After three months of full-scale war against Ukraine, in which ground troops invaded from several directions and missiles hit targets across the country, right up to the western border with Poland, the focus of the current phase of the conflict is back on the region where Russia has been fighting Ukraine for the past eight years: Donbas.
Military analyst Michael Kofman wrote on Twitter last week: “The overall military balance in this war still trends in Ukraine’s favour, given manpower availability and access to extensive Western military support … But the local balance in the Donbas during this phase is a different story.”
How fully and how quickly Vladimir Putin attains his objectives in Donbas may dictate how and whether other parts of Ukraine come back into play. The level of losses sustained will also play a role.
Russia has abandoned attempts to encircle all Ukrainian forces in Donbas for the more modest goal of creating “cauldrons” – smaller encirclements cutting Ukrainians off from supplies and reinforcements.
Last week, the focus was on the city of Sievierodonetsk, where local governor Serhiy Haidai said Russia had committed 10,000 soldiers and an extra 2,500 pieces of equipment to attacking the city. There are reports that the Russians already control a hotel on the outskirts of the city, after many days of ruthless bombardments.
If Russia takes Sievierodonetsk, it will control the entire Luhansk region, and can increase its focus on parts of Donetsk it still does not control.
“I don’t think the Russian offensive looks stalled, and while sluggish, there is no good way to predict when it will culminate,” wrote Kofman.
There is no longer any doubt that Russia plans to fully annex parts of Ukraine, as it did with Crimea in 2014. Then, Moscow declined to do the same with the areas it controlled in east Ukraine, preferring instead to prop up separatist administrations there. Now, there is talk of rapid annexation of the parts of Kherson and Zaporizhzhia provinces that Russia took in the first days of the invasion.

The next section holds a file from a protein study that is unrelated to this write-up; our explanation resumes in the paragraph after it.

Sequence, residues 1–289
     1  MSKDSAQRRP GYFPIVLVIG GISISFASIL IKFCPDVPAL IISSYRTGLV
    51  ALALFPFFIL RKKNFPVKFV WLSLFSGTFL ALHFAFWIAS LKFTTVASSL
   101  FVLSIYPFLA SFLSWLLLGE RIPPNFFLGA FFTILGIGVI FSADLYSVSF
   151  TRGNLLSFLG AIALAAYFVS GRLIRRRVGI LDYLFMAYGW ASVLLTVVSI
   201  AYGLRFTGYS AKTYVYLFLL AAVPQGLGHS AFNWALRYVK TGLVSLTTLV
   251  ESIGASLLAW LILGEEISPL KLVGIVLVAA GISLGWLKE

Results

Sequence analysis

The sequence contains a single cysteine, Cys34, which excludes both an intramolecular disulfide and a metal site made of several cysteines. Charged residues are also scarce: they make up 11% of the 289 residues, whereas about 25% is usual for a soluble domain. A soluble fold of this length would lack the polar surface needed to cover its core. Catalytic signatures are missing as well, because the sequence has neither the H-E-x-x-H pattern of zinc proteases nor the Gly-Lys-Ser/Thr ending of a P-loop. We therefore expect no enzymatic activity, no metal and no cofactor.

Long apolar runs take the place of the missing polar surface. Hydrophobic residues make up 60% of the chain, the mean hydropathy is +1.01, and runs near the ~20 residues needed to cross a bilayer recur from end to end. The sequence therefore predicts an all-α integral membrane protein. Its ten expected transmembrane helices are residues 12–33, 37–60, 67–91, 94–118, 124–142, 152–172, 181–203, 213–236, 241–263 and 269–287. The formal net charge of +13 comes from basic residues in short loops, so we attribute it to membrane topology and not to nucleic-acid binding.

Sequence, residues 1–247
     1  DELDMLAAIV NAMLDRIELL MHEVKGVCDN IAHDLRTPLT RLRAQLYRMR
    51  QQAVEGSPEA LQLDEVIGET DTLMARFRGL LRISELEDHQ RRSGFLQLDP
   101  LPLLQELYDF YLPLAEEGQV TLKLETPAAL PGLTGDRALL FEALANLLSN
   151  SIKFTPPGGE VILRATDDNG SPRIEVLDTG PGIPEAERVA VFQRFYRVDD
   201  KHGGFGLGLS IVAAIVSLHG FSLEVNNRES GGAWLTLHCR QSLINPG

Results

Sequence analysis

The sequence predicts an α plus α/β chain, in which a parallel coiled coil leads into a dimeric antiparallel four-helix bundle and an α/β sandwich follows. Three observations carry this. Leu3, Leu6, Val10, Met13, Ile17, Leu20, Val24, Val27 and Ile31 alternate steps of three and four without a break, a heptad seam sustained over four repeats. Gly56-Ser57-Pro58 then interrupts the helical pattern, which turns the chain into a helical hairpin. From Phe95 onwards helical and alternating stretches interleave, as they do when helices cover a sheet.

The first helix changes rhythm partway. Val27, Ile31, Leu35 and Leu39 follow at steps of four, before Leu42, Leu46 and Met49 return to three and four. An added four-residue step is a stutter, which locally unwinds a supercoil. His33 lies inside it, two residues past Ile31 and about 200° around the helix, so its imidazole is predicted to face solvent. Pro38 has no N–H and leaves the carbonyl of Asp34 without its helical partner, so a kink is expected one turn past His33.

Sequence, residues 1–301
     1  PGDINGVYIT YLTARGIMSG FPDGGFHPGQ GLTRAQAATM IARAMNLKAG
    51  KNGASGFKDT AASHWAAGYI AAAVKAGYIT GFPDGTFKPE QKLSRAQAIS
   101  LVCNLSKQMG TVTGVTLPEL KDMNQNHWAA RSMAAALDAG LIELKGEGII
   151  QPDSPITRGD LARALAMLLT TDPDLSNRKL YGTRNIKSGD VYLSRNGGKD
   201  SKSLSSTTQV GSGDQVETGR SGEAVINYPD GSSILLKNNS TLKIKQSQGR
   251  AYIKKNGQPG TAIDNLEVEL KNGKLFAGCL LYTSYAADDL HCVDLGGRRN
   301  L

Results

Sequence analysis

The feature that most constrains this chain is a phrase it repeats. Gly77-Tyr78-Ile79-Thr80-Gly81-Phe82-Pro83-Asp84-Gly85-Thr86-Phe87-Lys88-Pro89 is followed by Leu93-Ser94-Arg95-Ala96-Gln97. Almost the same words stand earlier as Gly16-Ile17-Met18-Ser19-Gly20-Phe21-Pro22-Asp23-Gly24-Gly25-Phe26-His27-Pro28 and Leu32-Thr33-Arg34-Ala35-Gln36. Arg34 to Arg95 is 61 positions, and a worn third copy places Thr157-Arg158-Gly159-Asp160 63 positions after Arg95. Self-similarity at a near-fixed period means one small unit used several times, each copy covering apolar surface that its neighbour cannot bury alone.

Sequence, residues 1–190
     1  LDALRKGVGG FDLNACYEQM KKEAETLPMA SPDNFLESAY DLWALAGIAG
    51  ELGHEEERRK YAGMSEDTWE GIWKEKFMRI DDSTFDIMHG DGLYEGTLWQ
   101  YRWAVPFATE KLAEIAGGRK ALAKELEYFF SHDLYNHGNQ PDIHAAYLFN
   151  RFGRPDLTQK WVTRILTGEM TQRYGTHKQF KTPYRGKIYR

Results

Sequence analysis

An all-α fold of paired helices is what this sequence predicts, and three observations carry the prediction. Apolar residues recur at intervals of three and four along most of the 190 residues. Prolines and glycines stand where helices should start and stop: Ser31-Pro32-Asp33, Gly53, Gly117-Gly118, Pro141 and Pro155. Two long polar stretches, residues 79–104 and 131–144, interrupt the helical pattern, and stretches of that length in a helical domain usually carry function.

Unlike Mariupol, which Russia conquered after bombing it to rubble – and possibly other cities in Donbas that Russia may soon capture – these territories were largely taken with no fighting, so Russia has been able to focus on mopping up dissent and trying to take full control.
The areas have seen an increased crackdown on pro-Ukrainian sentiment, as well as reports that Russia is introducing the rouble and Moscow time zone, announcements that teachers will be retrained in the Russian curriculum, and a series of sinister videos of locals announcing on camera that they had been through “a course of denazification” and no longer support Ukraine.
Formal annexation of this territory could have huge consequences for the prospect of a peace deal. Ukraine will not accept the loss of these areas, but if it launches a counterattack, Russia could claim Ukraine was attacking Russian territory.
Life in the Ukrainian capital feels more normal by the week. The occasional air raid siren and men with guns on the streets are reminders of the war, but cafe terraces are busy, the opera has reopened and the curfew has been pushed back to 11pm. Since the Russians withdrew at the beginning of April, there has been no artillery threat, and no repeat of the booms from the suburbs that characterised the first weeks of the war.
However, Russian-language news outlet Meduza last week quoted Kremlin-linked sources claiming that Putin had not yet given up on Kyiv and may launch another assault once the battle for Donbas is over.
As with Kyiv, the Russians attempted to storm the country’s second city in the early days of the war and, as in the capital, they faced unexpectedly strong resistance, were stalled on the outskirts and then pushed back into positions surrounding the city.
In recent weeks, Ukrainian forces have pushed the Russians back further but, unlike with Kyiv, the invaders are still within striking distance of the city. Last Thursday, areas within the city limits were shelled for the first time in two weeks and nine civilians died, according to local authorities.
Military commanders say there is no sign of a new advance on Kharkiv, but the Russians are digging firmly into the positions they still hold, with no plans to retreat all the way to the border as they did elsewhere.
“They are planning something,” said one commander based outside the city last week.
“We may only find out what it is when it happens.”